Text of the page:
16 Ahmed Helmy - UF16 RP Bootstrap Mechanism RP location need not be optimized, but consistent RP mapping and adaptation to failures is criticial –all routers (within PIM domain) must associate a single active RP with a multicast group Routers use ‘algorithmic mapping’ of Group address to RP from manageably- small set of RPs known throughout domain

17 Ahmed Helmy - UF17 RP Booststrap Mechanism Each candidate RP indicates liveness to the Bootstrap Router in the PIM domain Bootstrap Router distributes set of reachable candidate RPs to all PIM routers in domain. Each PIM router uses the same hash function and set of RPs to map a particular multicast group address to that group’s RP.

18 Ahmed Helmy - UF18 Dynamic Bootstrap Router Election Simple bridge-like spanning-tree election algorithm A set of well-connected routers are configured as Candidate Bootstrap Routers (C-BSRs) per domain C-BSRs originate PIM hop-by-hop Bootstrap messages with IP address and preference value. Bootstrap messages are exchanged by all PIM routers within domain (flooded with RPF check) Most preferred (or highest numbered) reachable C-BSR is elected

19 Ahmed Helmy - UF19 Routers use hash function to map Group address to RP Hash function –input: group address G and address of each candidate RP in RP set (with optional Mask) –output: Value computed per candidate RP in RP set –RP with highest value is the RP for G Desirable characteristics –minimize remapping when RP reachability changes — remap only those that lost RP –load spreading of groups across RPs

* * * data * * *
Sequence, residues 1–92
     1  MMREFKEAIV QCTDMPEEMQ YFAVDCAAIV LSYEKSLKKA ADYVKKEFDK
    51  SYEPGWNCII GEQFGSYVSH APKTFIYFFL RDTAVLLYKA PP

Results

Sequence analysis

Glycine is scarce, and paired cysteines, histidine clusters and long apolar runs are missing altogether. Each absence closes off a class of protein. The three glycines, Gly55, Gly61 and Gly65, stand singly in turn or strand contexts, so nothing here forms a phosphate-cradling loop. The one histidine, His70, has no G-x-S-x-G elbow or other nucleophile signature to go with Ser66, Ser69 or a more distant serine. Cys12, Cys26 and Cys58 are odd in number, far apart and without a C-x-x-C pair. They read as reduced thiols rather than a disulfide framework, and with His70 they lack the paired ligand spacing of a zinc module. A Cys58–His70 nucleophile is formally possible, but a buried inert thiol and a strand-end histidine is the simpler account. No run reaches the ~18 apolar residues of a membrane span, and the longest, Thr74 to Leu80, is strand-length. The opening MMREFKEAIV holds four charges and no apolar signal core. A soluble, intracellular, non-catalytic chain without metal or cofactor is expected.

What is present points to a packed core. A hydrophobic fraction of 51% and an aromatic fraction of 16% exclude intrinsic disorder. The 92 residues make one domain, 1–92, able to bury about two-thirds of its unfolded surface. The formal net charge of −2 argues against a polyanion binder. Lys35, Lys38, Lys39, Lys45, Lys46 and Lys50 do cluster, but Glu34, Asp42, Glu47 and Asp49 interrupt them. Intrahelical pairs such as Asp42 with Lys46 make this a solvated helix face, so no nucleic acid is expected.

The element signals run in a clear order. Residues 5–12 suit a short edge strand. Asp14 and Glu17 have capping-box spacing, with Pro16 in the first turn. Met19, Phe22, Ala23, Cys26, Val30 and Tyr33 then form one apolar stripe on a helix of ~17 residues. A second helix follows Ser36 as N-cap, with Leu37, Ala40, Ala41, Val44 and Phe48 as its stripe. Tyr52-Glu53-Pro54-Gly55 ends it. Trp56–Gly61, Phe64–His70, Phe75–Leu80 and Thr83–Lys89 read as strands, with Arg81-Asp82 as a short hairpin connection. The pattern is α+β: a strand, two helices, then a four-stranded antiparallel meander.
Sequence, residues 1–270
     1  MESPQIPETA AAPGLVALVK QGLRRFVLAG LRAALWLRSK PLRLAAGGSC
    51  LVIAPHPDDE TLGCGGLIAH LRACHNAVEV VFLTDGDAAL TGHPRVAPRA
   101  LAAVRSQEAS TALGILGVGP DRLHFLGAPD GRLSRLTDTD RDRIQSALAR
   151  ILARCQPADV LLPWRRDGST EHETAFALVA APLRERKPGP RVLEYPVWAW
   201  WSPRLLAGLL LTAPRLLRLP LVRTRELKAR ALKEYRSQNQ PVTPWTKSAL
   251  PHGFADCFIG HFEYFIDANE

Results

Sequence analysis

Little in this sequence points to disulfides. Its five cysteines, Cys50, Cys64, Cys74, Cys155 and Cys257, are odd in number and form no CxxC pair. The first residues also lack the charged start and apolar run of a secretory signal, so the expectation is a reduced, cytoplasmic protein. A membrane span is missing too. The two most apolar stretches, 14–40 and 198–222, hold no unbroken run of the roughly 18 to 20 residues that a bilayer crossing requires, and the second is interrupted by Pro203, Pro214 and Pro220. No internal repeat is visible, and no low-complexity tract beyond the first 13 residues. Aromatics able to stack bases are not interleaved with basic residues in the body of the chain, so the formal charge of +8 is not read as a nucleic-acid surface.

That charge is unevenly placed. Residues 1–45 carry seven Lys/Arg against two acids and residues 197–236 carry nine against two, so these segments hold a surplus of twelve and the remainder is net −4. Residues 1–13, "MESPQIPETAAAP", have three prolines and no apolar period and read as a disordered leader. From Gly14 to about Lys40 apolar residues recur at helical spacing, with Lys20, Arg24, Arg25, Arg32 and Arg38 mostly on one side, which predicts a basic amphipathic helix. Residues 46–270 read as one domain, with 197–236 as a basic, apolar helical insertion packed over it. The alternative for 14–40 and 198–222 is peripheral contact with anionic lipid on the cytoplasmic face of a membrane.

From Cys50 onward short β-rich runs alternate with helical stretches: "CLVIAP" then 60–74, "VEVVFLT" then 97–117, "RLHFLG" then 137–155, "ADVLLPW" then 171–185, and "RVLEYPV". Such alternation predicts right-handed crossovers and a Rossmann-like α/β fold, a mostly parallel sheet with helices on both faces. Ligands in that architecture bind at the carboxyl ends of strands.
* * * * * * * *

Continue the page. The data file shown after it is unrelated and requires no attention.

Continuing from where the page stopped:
20 Ahmed Helmy - UF20 Adaptation to RP Unreachability When Candidate RP fails/unreachable –Bootstrap Router times it out –Bootstrap message distributed with updated RP set –Routers hash affected groups to different RP

21 Ahmed Helmy - UF21 References RFC 2362/2117

22 Ahmed Helmy - UF22 Multicast and the Internet Initially there was the MBONE Short-term inter-domain solution based on PIM-SM, MBGP and MSDP Longer-term architecture BGMP

23 Ahmed Helmy - UF23 The Internet's Multicast Backbone (MBONE) The MBONE is an interconnect of subnets and routers that support IP-multicast. The goal of the MBONE was: –initially: to construct an IP multicast test-bed –as it became popular: gradual deployment of multicast applications without waiting for the ubiquitous Internet multicast deployment

24 Ahmed Helmy - UF24 The MBONE is rapidly growing –40 subnets in 4 countries in ‘92 –> 2800 subnets in over 25 countries in April ‘96 The MBONE is a virtual network layered on top of a subset of the Internet. It is composed of islands of multicast-capable routers connected to other islands by virtual point-to-point links called “tunnels.”

25 Ahmed Helmy - UF25 -Tunnels allow multicast traffic to pass through the non-multicast-capable parts of the Internet. -Multicast packets are encapsulated as IP-in- IP, so they look like normal unicast packets to intermediate routers. -Encapsulation is added on entry to a tunnel and stripped off on exit from a tunnel. Tunneling

26 Ahmed Helmy - UF26 Multicast islands connected through tunnels

27 Ahmed Helmy - UF27 The MBONE and the Internet have different topologies, so: –multicast routers execute a separate routing protocol to forward multicast packets. -Much of the MBONE routers run DVMRP -Portions of the MBONE run: -MOSPF -Protocol-Independent Multicast (PIM)